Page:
of Tom and Agnes Crossland of Bank Street, Wetherby.
Alfred was born at Wetherby in 1893 to parents Tom, occupation, a Mason/Labourer, and Agnes Crossland residing at
premises located in Bank Street, Wetherby.
The 1911 Census
records that at this period the family were residing at Number 4, Wentworth Terrace, Westgate. Tom's occupation is now
recorded as that of a Domestic Gardener as is his son, Alfred, aged 17 years.
Recruitment & Attestation
Alfred attested for service at Wetherby Town Hall on or about the 31st August 1914. The terms of enlistment were
a Short Service obligation, i.e. three years with the Colours however it was stated that if the War lasted longer than three
years, the recruit would be retained until the cessation of hostilities.
As the men waited to enlist, Army protocol dictated had the prospective recruit received Notice and understood its
meaning and who gave the Notice to them. On confirmation by the potential recruit Army Form B. 2065 was first signed by Rowland
Meyrick, the issuer of the Notice before recruitment could commence. The latter had proved to be very brisk, principally due
to the efforts of a number of individuals, but it was Mr. Rowland Meyrick of Hall Orchards, a Land Agent for the Montague
estates, that was the major protagonist encouraging many a young Wetherby man to "take the King's shilling."
A newspaper article dated September 1914 provides an insight
as to his activities as an unpaid Recruitment Officer:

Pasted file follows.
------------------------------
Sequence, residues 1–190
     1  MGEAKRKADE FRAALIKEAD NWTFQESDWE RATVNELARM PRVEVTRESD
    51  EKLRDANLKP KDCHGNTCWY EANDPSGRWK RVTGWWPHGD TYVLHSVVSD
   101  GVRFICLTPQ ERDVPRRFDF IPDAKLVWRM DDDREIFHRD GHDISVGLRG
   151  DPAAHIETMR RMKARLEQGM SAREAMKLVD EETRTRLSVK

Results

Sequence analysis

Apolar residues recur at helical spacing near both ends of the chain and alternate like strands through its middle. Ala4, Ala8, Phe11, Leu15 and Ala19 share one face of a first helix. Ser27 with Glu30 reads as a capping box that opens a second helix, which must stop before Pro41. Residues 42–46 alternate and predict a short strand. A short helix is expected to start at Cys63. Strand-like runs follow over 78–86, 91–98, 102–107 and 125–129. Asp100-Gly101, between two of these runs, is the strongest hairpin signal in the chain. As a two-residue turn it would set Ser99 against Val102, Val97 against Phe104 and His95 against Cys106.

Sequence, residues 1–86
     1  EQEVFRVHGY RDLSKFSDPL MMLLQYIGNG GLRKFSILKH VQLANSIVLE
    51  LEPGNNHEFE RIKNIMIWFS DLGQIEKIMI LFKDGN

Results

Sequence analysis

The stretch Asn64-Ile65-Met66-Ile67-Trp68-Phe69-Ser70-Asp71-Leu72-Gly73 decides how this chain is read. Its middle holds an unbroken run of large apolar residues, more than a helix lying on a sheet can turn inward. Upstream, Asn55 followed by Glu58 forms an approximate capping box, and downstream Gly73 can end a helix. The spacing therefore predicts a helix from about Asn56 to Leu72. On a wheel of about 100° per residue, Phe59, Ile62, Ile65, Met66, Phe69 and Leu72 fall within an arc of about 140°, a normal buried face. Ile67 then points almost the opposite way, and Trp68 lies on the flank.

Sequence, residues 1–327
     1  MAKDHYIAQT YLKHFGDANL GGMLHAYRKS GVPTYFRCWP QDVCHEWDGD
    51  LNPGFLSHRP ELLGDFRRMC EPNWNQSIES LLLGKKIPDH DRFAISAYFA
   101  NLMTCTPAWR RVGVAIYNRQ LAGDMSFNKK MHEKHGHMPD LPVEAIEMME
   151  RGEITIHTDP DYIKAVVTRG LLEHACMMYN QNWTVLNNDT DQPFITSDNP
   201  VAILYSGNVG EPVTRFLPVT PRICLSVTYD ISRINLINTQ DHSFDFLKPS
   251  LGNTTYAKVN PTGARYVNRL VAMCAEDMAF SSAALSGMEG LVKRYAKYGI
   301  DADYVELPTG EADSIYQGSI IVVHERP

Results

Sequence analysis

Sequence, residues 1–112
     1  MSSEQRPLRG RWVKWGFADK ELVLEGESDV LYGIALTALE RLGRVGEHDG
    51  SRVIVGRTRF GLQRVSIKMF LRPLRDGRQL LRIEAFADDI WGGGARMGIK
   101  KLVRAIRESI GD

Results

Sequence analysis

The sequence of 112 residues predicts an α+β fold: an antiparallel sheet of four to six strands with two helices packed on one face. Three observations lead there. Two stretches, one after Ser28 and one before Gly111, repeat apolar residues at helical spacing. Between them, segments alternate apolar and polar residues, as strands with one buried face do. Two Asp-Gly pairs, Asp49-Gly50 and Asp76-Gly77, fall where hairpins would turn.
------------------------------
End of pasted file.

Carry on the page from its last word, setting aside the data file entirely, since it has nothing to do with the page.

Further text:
"Day and night he worked with the greatest enthusiasm and wherever young men were, in the cottage, in the
harvest field and street, there he was to be found, exercising his persuasive powers and the young men answered nobly to his
Some men at first however, had their reservations
on joining the Colours;
One young fellow, anxious
to enlist, was troubled about throwing up his work and he went to Mr. Meyrick. Would he guarantee him work when he returned
home? The answer was thoroughly satisfactory, and the young fellow is probably now clad in khaki. That is the way to get recruits."
Concerns prior to enlistment were also
raised for the soldiers dependants, therefore, Wetherby Steeplechase Committee made the following offer both to stimulate
and encourage recruitment. A further newspaper article dated September 1914 declared:
"The Wetherby Steeplechase Committee have announced that they will give
1 shilling a week each to the wives of men who have joined the Colours, and any others volunteering in the town, in order
to augment the Army allowance while they are on service."
Agreeing that he now understood the terms of his engagement, Alfred now declared that all his answers to questions
declared on the Army Form were true and that he was willing to fulfill the engagements made. On signing the document, it was
witnessed by John McEvitt, a former soldier who had served with the 1st Battalion, Connaught Rangers and a veteran of the
Boer War. Former Colour Sergeant McEvitt in civilian life, was the Caretaker of the Conservative Club located in the Market
Place, who, although recorded in the 1911 Census as an Army Pensioner, fulfilled the roll of Acting Recruitment Sergeant.
A preliminary medical examination was now conducted by Lieutenant Harry Winstanley
Shadwell of the Royal Army Medical Corps to determine vital statistics; height, weight, vision and expansion of the chest.
Deemed 'fit' as the vast majority of men were at this early stage of enlistment, the final signature that would approve
the man for military service was that of the Approving Officer, 14th Recruiting Area, Colonel Harold P. Ditmas, late Durham
Royal Garrison Artillery (Militia).
That final signature
would witness over forty-five recruits from the locality joining the ranks of the fledgeling 9th (Service) Battalion, West